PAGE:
For some time, there have been messages from wool processors that much of the Australian wool clip is too long. If this is true then shorter lots should attract a premium – this would be a normal economic lever to attract more of the type, and if that is the case can wool producers justify the additional cost of two shearings in one year?
To get to the bottom of this issue, a full understanding of the situation is needed. It is normal for suppliers (wool growers) to want to meet customer requirements (processors). At the same time, meeting the “new” requirement cannot increase the net costs to the business unless there is an off-setting increase in income.
How much are the added costs to shear twice?
This is the first understanding a wool producer considering more regular shearing will address. As with much about this subject, it’s not all straight forward. There is the obvious cost of a second shearing, but also the removal of the need to crutch. In some instances, more regular shearing has assisted in the transmission to a non-mulesed flock with subsequent wool marketing benefits. It will also depend on the individual property situation; how difficult is it to arrange another shearing, some wool producers find this the most demanding time of the year and once a year more than enough! Will it add another level of complication when lambing is considered, but it may also mean managing flystrike and lice is easier? Many considerations and conflicting aspects to consider.
More wool – is this possible?
The claim is made that sheep produce more wool when shorn more regularly. We could only find one study that supported this, with The Kondinin Group publishing a trial in 2012 where a 0.42 kg increase was observed. Kondinin also published testimonials from wool growers that were emphatic that sheep produced more wool compared to a once a year shearing. Anecdotally sheep farmers notice that after shearing sheep improve body weight and also grow wool more quickly. This may be a result of sheep requiring greater protein (more feed) to maintain body weights after shearing and more wool is a resultant spin-off. If this were the case, research into the conversion rate of consumed protein and net value equation should be applied. What if the supposed additional feed is not available?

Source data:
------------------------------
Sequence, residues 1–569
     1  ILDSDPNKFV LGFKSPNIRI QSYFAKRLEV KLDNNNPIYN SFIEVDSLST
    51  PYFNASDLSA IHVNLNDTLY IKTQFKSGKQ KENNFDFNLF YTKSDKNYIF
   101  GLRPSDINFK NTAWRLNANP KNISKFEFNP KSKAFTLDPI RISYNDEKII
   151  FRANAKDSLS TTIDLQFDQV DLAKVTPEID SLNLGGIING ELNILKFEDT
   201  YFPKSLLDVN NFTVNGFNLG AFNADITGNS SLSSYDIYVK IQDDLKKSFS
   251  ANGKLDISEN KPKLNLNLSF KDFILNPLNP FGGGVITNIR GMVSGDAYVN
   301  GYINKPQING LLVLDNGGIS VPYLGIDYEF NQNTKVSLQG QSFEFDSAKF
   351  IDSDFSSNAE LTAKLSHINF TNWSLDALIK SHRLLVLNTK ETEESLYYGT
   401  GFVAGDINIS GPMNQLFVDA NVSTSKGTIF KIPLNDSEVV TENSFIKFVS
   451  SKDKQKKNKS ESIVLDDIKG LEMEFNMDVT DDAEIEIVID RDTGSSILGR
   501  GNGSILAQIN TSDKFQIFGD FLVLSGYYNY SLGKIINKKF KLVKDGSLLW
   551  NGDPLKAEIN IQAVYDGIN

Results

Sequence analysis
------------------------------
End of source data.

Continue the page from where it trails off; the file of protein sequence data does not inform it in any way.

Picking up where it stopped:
Most of the published case studies reported increased wool production; this would need to be tested as it appeared many of the reports were over a particularly good season.
Will we produce better wool?
Shorter staples have long been recognised as having greater staple strength so shearing more often will have a benefit. After fibre diameter (micron), staple strength is the next biggest impact on wool price so any improvement is positive.
Is there a premium for shorter wool?
Well, based on the processors messages passed back through brokers to wool growers there should be! The answer however is that any reward for producing shorter wool is unclear. It will depend on the market at the time; recently premiums all but disappeared as too much short wool appeared in the sales roster, at other times buyers are scrambling to fill orders. In fact, “The Sheep’s Back” Autumn Report (AWI sponsored publication), are emphatic that there is no premium in the market place for shorter wool and for the practice to be economical, the enterprise “must have spare time, labour and be able to generate more lambs”.
What could go wrong?
Well, apart from the lack of a price premium to offset increased costs, the biggest risk is that if the season is tough, perhaps the staple length produced is very short and a discount is applied. This would be a disaster as not only are the increased costs of shearing twice incurred, but the clip income is jeopardised.
Is there more to this?
It is clear from testimonials that sheep are easier to manage, have more lambs and the need for crutching is eliminated or reduced. Also, respondents report the spreading of wool sales is good, however the concern of not meeting a minimum staple length is a concern.
Ideally producing the exact length for the processor makes sense, but which processor? Do all processors require shorter staples, if so what is happening to longer stapled wool now?
Some attention needs to be applied to the different micron categories to identify if the demand is across the board or not, and if the benefits apply from one region to the other or does the various VM, yield and other district factors change the dynamic.
Clearly the decision to shear more regularly to generate increased profits from the wool enterprise is unclear! If a premium exists, what does it look like? Is it consistent, across micron types or does it vary from sale to sale? We will perform further analysis on this concept in coming weeks, taking account of any longer-term market signal (or not), applying wool producer experiences to identify all benefits to the mob, and modelling the cost/benefit that can reasonably apply. In the meantime, let us know of your experiences – good or bad.